The trailer for Silent Hill Townfall was released by Konami during their showcase on October 19. During this showcase, various other projects were also released that were aimed at reviving the dormant franchise. Fans of Silent Hill have a lot to look forward to, including a film and two brand-new games.
The Silent Hill Townfall announcement was brief and did not reveal much about the game. All the fans know is that the game will be released by Annapurna Interactive and developed by No Code. The fans found the trailer a little too mysterious. The Creative Director of No Code, Director Jon McKellen, stepped up to inform the fans that they may want to watch the trailer again in case they missed something.
Many fans started going through the trailer again and employing various methods to uncover a few secret messages. The trailer focuses on a CRTV pocket television with a voiceover that speaks to the viewers. The voiceover has static and dramatic music laced throughout it.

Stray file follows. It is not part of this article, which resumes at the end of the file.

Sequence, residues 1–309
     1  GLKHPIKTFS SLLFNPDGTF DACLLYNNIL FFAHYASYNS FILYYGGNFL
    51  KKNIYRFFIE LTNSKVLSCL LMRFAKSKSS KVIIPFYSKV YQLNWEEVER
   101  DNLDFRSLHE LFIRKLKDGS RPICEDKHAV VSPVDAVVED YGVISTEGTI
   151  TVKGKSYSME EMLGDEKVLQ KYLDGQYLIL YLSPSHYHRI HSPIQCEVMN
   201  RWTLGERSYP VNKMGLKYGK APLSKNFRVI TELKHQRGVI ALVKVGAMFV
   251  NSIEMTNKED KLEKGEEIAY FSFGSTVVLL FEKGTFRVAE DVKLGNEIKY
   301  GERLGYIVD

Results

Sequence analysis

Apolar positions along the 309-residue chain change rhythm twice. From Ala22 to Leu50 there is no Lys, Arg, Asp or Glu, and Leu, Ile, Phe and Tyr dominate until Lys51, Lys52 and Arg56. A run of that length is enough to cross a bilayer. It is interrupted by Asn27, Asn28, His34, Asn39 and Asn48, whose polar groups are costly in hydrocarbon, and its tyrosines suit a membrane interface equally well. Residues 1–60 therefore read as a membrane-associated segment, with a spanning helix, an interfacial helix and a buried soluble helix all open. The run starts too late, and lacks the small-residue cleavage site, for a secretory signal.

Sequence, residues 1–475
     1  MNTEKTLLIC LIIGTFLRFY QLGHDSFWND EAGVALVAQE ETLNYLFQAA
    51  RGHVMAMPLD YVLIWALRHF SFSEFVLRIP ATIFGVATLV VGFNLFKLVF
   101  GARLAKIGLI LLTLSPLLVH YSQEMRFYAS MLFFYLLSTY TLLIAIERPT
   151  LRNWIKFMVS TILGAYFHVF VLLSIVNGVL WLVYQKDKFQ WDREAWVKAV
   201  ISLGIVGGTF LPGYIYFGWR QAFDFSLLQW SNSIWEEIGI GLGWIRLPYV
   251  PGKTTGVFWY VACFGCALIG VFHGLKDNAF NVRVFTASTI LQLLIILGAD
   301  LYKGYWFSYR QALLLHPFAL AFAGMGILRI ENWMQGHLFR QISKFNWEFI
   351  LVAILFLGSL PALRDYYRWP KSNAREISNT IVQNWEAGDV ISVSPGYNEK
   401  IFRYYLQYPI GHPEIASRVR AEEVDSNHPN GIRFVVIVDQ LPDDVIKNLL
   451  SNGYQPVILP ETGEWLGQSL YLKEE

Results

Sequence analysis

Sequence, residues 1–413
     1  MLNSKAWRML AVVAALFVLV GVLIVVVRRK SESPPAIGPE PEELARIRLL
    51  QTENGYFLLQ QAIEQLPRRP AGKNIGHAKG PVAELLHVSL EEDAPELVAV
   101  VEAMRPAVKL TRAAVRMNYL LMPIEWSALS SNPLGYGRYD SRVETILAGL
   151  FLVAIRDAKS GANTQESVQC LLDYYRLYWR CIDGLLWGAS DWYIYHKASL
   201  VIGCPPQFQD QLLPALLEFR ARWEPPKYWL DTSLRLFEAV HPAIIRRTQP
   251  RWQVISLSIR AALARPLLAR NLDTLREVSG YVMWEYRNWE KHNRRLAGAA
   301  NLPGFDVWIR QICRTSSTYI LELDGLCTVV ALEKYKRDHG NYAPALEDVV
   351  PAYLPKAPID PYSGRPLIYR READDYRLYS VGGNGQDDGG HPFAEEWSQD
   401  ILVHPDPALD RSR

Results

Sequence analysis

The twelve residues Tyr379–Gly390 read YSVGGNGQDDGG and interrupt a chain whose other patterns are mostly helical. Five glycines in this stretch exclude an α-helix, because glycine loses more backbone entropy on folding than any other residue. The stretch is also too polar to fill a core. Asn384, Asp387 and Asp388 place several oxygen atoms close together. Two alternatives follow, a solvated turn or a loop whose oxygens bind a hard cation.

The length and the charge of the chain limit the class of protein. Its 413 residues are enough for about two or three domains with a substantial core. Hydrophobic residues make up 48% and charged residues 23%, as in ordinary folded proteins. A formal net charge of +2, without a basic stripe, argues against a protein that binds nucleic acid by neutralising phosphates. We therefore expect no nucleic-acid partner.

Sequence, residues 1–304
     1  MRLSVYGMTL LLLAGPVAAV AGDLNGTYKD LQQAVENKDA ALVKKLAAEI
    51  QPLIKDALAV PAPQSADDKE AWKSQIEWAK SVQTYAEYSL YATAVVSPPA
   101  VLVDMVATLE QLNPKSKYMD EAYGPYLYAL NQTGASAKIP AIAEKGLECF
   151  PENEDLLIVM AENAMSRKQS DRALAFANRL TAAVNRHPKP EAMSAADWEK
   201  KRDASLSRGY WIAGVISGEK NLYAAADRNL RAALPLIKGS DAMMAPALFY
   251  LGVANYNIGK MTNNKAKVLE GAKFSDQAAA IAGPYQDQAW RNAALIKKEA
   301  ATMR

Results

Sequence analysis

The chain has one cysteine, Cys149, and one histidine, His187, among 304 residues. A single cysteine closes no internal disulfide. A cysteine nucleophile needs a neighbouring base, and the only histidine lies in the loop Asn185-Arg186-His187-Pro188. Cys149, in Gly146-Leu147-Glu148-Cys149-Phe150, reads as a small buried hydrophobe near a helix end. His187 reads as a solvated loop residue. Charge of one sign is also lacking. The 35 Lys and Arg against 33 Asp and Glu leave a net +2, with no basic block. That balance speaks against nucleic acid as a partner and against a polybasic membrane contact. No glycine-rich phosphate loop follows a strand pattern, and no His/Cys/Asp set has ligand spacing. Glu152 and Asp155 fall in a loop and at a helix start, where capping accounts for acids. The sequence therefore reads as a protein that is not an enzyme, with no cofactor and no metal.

A Reddit user called MilkManEX downloaded the Silent Hill Townfall trailer and extracted its audio to an MP3. They then plugged it into Audacity. Here they discovered that there is text hidden in its spectrograph. This text reads, “Whatever heart this town has had has now stopped.
Other fans played the trailer’s audio backward and found a message hidden in it too. This message references Alessa, one of the primary characters featured in the first Silent Hill game. She also appeared in subsequent games in the series.
The introduction of an old character alongside the overall retro aesthetic of the game led some fans to hypothesize that Silent Hill Townfall may take the players back to the origin story of how the game’s universe came about.
Some fans also analyzed the flickering of the images on the retro CRTV screen featured in the trailer. They noticed that there was a text that said, “Thy Flesh is weak,” and had three dots, three dashes, and then three more dots. This pattern is morse code for S.O.S.
Furthermore, on October 21, Annapurna and No Code tweeted a picture of a staticky house that were ever so slightly different from each other. When subtracted from each other, Twitter user yAptho found a morse code message reading, “I don’t know how to leave.”